Coke categorically denies shipping concentrate to Khoshgovar after the sanctions took effect, and says the letter is bogus. In any case, both sides agree that Coke stopped supplying Noushab when the sanctions took effect. Noushab turned to Fariborz Sarmad, a food technician and Coca-Cola admirer who has been trying to replicate Coke's taste since the last U.S. embargo, in 1980. Back then, Dr. Sarmad, whose Tehran office is decorated with Coke bottles, brewed caramel in an open kettle in his backyard and combed books for supposed ingredients of Coca-Cola.
His early batches of concentrate were so bad soft-drink plants turned them down. Now, says Dr. Sarmad, "We buy from the very sources Pepsi-Cola and Coca-Cola use: citrus oils, orange and lemon." A quick test of his handiwork: Twelve men, including construction workers and actors, were given glasses filled with Noushab, real Coca-Cola smuggled in from Russia and the United Kingdom, and Iran's Coulack Cola (slogan: "Drink Coulack"), which also buys concentrate from Dr. Sarmad. Only four picked out The Real Thing.
Still, "non-genuine product" in genuine bottles damages Coke's "image and goodwill," says Gregory Kearney, a Coca-Cola Co. lawyer in Windsor, England. Mr. Sabi says another Coke official was more blunt, telling him, "I will not allow our bottles to go around with junk cola." Coke demanded that Noushab retire the Coca-Cola bottles. But Noushab, which is financed by a Saudi sheik and Iranian investors, said it would cost $3.5 million to replace them.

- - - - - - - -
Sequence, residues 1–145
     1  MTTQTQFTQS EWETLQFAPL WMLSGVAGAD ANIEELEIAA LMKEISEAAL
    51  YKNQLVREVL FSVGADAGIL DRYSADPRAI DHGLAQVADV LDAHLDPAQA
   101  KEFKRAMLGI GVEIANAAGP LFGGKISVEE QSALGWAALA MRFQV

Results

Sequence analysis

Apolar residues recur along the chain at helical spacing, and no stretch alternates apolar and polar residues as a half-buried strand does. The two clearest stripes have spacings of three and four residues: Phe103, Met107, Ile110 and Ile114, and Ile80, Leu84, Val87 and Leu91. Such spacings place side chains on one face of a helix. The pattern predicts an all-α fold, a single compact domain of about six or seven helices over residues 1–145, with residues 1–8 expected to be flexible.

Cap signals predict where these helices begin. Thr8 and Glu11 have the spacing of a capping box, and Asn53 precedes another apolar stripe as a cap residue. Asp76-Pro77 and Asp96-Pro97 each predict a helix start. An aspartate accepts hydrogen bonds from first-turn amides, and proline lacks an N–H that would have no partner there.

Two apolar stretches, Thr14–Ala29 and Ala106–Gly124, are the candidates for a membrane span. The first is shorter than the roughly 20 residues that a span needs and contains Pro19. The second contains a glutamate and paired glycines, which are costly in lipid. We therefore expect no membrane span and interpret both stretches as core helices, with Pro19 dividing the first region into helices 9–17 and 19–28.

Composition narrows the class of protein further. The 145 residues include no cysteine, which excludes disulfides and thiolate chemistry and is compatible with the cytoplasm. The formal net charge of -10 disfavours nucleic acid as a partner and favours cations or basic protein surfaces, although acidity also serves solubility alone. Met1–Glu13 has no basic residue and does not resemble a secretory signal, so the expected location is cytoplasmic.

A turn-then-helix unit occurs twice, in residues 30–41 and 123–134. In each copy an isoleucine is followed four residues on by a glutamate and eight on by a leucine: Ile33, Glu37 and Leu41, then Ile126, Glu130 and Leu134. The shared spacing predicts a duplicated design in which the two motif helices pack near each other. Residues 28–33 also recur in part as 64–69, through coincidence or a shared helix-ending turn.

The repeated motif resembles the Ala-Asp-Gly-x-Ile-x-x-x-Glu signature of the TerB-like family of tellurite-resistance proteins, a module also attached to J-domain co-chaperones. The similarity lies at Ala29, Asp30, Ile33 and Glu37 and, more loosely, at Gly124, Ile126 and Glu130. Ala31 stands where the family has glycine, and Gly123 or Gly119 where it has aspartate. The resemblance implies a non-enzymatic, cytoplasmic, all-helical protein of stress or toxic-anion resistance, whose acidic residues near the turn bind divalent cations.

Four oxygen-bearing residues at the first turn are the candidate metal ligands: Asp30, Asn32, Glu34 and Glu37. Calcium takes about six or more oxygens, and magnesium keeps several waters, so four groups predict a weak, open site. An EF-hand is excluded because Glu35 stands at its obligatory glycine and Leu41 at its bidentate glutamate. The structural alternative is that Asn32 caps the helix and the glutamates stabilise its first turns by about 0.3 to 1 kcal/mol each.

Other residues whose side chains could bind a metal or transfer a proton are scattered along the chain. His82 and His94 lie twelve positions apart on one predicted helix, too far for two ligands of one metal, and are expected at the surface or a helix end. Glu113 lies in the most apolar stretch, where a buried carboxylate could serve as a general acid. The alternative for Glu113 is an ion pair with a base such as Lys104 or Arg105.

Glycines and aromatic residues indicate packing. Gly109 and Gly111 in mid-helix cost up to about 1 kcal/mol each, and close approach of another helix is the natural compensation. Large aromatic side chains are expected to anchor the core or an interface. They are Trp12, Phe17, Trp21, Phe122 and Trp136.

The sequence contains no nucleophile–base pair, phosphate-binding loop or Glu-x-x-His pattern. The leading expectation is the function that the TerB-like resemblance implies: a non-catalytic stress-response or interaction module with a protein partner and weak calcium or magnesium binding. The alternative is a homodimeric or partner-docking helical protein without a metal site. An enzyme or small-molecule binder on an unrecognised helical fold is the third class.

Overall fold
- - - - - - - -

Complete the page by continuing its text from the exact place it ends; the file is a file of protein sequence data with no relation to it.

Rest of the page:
And so, to court. Tehran's Public Court granted an injunction allowing Noushab to keep its bottles; Coke has appealed. Meanwhile, Noushab sued Coke, blaming it for the fact that Noushab still has only one production line, even as Tehran faces summertime soda shortages. (Iranians don't take cola breaks, but they are increasingly using soda instead of yogurt to wash down their meat-heavy meals.)
Coke and a Smile
Tehran's courts have some sympathy for the American company. The judge in the bottle case ordered Noushab to remove the Coke label from trucks and bottle caps, and to place ads telling consumers that its "Coke" bottles don't really contain Coke. Noushab, which no longer has a bottling contract with Coke, repainted its red delivery trucks with big smiley faces. "With time, we'll probably replace the bottles. We're working on a design," says marketing director Sassan Jahan.
For now, Noushab retrieves, washes and reuses as many of its bottles as it can. In Mohsen Lotfi's Tehran grocery store, some of the "Coca-Cola" bottles look a bit worse for wear. One has a fingernail-size chip in the glass. Mr. Lotfi will sell Parsi Cola or Zam Zam cola to take away, but he insists the contents of any "Coca-Cola" bottle be consumed on premises. If a single bottle breaks or is missing, he explains, Noushab cuts his allotment.
Mr. Lotfi, whose shop still has a red Coca-Cola awning, thinks Noushab's strict policy may have something to do with the Coke name. That baffles him. "If you make a good cola, you can call it what you like," he says. "I personally prefer Zam Zam."